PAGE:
There will be setbacks: The recovery process is always two steps forward and one step back. Some days you’ll wake up feeling like you are back to your normal self, but then the very next day you’ll feel like a huge anxiety attack is coming on. This is normal. Expect this. It’s how your body and mind are getting used to all the new stimuli.

The more you are accepting of your “bad” days, the less in number they will be and the more there will be of the “good” days.

Stop consuming caffeine

Stop caffeine, cut down on alcohol: Drinking too much alcohol will definitely make you feel crappy the next day. I’m not even talking about the hangover; I’m talking about the anxiety that you feel in the morning. Plus, it wakes you up in the middle of the night and you need your sleep right now.

Cut down on all stimulants. Stop smoking marijuana for a while.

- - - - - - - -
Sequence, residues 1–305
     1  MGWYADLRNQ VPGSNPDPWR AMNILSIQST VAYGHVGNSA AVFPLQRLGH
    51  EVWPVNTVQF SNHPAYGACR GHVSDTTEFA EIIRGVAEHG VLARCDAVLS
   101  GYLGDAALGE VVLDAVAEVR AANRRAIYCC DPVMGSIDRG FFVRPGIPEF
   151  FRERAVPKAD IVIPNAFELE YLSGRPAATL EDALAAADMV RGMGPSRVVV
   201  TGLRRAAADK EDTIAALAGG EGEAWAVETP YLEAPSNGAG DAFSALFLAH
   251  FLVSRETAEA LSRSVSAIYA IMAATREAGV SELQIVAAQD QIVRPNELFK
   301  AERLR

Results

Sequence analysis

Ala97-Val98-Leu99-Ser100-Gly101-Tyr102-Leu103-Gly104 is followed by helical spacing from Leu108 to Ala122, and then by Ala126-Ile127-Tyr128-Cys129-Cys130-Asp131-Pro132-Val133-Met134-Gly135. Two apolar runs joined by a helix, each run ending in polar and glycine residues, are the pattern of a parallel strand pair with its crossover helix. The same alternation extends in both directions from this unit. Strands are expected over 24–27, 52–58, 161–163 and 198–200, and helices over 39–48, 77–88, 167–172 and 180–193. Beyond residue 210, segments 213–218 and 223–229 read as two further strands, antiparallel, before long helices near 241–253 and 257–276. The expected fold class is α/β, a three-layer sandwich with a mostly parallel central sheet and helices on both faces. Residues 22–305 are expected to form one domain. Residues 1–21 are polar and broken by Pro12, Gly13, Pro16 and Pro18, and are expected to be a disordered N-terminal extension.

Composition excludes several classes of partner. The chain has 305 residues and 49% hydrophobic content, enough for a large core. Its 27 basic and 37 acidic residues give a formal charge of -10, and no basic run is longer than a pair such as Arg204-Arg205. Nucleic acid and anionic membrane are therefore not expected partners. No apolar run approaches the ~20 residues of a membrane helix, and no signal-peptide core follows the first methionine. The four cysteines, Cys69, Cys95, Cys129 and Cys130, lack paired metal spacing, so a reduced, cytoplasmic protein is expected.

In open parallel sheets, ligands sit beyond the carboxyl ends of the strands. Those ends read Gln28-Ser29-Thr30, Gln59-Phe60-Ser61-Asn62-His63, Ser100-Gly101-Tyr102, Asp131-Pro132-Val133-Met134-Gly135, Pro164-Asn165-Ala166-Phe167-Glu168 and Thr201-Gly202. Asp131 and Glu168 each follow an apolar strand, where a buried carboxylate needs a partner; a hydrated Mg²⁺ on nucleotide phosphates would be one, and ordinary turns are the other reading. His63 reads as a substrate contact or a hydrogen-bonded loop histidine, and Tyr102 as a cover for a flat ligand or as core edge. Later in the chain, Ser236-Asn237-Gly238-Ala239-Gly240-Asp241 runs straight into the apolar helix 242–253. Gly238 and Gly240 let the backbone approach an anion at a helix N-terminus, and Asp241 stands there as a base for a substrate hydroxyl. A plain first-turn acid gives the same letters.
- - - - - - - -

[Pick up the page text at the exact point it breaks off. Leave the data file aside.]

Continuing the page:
Find a therapist: Yes, you never thought one day you’d be lying down on a couch in a therapists’ office. But you know what? It’s not embarrassing at all. There is no shame about it. In fact, the sooner you do it, the sooner you are going to start feeling better.

Don’t hesitate to move on to another therapist if you feel like he or she doesn’t understand you. If they are not experienced in dealing with disassociation and anxiety, then you are not going to feel understood.

Find someone who has gone through what you are going through.

Focus on your body: Every time you are anxious, every time you disassociate, every time you feel like some impending doom is besetting upon you, take long deep breaths and choose to focus on the sensations in your body. This is going to ground you.

This is going to take your over-analytical mind from imagining dreadful thoughts about the near future and bring it back into the present.